D&B initially reviewed the proposed facility improvements and conducted a detailed site inspection of the facility, including a structural evaluation of the existing facility building. Based upon this initial assessment, D&B determined that significant structural upgrades would be required in order to implement the proposed facility improvements previously agreed upon with the NYSDEC. In addition, D&B determined that the plan did not address several areas of the Town of Islip site development standards, including site drainage, parking and landscaping provisions. Based upon D&B’s recommendations, CPC decided to abandon the previously proposed facility improvements in favor of demolishing the existing facility and constructing a new, code-compliant facility meeting CPC’s operational needs.

CPC retained D&B to prepare design documents for the overall facility demolition and reconstruction project, as well as to assist with modifying its existing Part 373 Permit due to the conceptual change in the proposed facility upgrade.

Hazardous Waste TSDF Facility DesignG1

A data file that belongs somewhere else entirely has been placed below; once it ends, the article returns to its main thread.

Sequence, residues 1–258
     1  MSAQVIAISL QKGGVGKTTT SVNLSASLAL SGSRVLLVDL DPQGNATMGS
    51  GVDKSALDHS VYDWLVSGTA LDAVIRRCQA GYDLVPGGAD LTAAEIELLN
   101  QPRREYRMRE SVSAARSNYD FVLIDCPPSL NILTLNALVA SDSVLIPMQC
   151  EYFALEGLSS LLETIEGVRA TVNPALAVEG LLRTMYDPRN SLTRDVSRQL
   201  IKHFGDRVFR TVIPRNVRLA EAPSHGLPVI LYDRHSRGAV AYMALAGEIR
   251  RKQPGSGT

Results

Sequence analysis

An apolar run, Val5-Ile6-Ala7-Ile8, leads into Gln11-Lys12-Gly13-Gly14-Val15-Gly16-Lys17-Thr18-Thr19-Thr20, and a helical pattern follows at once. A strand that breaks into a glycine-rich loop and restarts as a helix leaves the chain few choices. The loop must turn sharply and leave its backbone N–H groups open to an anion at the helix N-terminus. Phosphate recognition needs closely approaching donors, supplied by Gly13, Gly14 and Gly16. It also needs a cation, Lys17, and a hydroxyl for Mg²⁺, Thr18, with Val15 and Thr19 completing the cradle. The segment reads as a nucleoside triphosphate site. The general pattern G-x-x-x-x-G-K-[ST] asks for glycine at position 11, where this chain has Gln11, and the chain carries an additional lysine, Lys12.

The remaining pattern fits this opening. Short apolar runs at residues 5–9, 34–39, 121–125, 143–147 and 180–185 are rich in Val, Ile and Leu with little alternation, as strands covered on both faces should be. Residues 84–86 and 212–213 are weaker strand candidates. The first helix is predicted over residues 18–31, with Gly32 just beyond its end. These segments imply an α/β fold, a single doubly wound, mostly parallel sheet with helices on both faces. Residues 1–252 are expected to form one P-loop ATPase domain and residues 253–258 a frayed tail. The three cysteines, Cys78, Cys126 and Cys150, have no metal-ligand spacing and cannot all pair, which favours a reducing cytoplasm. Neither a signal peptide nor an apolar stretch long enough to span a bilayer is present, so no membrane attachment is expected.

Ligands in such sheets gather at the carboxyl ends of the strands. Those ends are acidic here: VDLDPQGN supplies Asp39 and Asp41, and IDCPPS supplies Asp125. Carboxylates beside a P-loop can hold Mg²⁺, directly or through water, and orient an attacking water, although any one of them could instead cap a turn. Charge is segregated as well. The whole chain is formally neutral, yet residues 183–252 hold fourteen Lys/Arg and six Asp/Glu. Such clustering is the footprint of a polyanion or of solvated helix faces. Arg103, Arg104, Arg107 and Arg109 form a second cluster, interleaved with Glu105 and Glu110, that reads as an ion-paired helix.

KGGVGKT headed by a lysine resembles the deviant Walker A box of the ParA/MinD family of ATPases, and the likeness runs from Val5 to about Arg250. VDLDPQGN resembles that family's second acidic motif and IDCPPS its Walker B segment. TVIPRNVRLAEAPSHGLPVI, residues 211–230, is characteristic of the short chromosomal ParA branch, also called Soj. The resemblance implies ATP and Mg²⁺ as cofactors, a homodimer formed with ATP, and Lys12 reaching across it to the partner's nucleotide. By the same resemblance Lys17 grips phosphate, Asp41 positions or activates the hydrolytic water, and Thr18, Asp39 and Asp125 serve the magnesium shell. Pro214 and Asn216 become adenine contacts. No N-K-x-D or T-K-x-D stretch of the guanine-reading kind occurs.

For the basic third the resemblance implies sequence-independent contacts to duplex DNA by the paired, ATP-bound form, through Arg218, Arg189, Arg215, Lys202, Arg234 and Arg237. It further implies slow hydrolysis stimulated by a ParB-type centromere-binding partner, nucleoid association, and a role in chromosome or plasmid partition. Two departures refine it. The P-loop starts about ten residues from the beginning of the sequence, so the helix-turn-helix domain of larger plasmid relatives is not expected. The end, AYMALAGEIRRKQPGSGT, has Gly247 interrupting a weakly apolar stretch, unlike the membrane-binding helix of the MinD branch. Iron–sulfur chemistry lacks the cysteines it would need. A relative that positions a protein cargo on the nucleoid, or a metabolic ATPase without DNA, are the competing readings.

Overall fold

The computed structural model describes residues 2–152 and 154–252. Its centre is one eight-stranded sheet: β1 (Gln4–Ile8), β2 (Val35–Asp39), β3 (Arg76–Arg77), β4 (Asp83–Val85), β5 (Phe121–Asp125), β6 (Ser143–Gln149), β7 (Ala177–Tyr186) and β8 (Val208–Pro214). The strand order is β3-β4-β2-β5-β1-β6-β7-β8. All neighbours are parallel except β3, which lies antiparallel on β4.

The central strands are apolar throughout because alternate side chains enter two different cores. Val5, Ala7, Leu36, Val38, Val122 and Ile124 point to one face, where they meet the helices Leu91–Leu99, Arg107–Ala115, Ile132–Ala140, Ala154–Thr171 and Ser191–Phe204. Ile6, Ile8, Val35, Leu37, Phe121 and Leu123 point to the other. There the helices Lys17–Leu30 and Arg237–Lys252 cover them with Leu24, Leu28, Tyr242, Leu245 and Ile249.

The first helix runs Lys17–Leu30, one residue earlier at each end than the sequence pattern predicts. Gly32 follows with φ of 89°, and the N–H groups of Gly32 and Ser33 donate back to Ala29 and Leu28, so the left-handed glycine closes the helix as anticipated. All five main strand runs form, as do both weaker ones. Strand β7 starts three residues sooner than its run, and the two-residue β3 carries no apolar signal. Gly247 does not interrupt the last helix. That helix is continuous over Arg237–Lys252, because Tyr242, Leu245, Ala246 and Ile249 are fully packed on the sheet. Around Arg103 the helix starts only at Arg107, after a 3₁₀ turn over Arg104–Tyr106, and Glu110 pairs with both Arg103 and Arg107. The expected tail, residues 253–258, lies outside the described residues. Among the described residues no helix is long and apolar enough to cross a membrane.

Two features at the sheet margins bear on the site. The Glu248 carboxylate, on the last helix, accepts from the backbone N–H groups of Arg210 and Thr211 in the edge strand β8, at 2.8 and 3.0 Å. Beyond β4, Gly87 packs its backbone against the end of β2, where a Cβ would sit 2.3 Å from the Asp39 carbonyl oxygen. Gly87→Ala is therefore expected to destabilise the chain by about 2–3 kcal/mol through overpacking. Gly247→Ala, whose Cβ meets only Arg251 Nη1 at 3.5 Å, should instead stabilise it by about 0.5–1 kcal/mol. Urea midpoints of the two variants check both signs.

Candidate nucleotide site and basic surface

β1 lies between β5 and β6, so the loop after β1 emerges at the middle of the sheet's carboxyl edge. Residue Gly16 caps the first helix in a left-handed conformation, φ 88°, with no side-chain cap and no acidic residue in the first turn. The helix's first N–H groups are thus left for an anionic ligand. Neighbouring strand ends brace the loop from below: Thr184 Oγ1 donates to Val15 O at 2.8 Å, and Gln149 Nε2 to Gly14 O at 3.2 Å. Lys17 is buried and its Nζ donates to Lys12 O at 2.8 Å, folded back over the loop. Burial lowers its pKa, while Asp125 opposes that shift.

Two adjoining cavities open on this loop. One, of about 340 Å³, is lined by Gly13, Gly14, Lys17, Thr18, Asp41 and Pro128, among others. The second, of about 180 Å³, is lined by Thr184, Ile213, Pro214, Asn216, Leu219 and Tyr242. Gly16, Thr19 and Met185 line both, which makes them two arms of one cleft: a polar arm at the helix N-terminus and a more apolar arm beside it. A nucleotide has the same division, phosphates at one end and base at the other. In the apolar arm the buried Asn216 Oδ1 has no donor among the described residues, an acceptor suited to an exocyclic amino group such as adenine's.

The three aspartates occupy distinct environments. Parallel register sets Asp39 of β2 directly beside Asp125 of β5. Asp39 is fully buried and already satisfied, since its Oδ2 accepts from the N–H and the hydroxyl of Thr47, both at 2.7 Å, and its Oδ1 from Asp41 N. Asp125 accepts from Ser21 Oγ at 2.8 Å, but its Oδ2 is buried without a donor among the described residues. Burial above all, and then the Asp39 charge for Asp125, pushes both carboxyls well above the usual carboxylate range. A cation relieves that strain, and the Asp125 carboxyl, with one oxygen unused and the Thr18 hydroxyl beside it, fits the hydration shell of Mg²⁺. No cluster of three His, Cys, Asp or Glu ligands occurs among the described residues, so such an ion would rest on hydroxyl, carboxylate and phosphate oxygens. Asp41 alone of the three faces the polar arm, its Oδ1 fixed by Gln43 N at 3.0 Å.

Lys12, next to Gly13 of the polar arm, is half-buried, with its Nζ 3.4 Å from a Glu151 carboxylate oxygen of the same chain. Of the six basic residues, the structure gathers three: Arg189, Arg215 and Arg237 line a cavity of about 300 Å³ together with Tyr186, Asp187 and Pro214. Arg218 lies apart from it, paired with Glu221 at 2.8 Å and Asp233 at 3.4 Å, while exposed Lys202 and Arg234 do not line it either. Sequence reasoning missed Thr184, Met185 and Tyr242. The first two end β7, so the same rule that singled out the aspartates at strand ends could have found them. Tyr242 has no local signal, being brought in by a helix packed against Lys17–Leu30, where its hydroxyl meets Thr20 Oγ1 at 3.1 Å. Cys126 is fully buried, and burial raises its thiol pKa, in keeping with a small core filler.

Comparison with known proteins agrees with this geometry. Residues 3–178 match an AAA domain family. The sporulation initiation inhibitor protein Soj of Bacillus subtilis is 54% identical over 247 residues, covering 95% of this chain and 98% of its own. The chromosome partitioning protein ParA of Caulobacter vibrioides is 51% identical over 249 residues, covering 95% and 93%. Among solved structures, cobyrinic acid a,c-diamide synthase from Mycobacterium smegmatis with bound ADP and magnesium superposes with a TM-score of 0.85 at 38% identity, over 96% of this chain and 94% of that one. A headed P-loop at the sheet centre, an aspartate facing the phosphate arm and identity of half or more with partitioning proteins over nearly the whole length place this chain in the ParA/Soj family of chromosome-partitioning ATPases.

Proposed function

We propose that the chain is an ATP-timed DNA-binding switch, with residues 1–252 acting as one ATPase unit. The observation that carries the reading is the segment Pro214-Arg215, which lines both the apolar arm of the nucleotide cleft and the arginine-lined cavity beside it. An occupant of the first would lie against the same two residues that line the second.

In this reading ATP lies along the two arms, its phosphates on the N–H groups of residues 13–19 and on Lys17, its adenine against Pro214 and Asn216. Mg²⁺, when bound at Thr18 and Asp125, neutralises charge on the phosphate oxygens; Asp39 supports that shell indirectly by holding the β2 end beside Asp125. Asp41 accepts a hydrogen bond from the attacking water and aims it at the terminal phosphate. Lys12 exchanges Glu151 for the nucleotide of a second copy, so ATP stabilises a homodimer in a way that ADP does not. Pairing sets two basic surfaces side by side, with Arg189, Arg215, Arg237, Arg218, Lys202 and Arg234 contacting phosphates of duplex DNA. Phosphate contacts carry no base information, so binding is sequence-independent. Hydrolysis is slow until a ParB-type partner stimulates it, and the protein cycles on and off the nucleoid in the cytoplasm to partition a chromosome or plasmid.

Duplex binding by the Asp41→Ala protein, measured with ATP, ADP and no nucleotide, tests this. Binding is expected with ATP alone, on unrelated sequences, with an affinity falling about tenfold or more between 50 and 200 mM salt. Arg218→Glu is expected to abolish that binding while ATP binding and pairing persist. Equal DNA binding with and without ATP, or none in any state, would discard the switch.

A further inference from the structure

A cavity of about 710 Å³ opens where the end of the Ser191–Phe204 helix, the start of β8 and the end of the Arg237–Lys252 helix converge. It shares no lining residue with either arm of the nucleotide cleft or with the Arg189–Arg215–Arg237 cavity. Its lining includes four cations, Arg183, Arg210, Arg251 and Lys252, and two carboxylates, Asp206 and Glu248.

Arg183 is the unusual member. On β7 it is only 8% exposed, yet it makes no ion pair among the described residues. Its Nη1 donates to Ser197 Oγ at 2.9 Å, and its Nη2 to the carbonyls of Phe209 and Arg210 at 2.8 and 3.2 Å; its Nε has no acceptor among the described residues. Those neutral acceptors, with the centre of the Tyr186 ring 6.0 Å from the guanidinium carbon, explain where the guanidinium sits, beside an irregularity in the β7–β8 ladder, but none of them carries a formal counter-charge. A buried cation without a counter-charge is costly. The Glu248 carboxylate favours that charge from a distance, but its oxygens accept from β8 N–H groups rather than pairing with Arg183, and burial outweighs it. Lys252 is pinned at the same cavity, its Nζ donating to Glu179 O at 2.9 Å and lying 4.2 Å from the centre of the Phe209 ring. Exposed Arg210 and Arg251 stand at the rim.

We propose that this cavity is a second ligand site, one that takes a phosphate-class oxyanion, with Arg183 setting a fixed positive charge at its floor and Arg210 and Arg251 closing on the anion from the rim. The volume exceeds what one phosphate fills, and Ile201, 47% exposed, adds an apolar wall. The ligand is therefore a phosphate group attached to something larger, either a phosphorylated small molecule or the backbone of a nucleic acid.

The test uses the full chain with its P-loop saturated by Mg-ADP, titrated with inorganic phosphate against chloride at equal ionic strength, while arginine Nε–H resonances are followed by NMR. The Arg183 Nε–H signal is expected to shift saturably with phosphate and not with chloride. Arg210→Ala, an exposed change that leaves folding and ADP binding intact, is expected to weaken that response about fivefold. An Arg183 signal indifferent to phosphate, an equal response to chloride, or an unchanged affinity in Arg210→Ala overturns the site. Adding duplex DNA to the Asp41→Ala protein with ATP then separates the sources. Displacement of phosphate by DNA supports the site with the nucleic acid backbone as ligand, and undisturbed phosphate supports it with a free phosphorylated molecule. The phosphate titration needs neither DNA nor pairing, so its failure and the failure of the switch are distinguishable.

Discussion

Prior to initiating full-scale design of the new facility, D&B developed several conceptual site and facility layouts that were reviewed with CPC. These conceptual designs were based upon CPC’s operational needs, such as the facility’s waste storage volumes, waste handling procedures, the type of waste stored and administrative staff needs. In addition, the size and type of trucks loading/unloading waste at the facility, including intended truck routing, were considered in the development of the conceptual designs. Applicable NYSDEC hazardous waste and SCDHS Article 12 regulations, building codes, fire codes and Town of Islip site development standards were incorporated into the conceptual designs.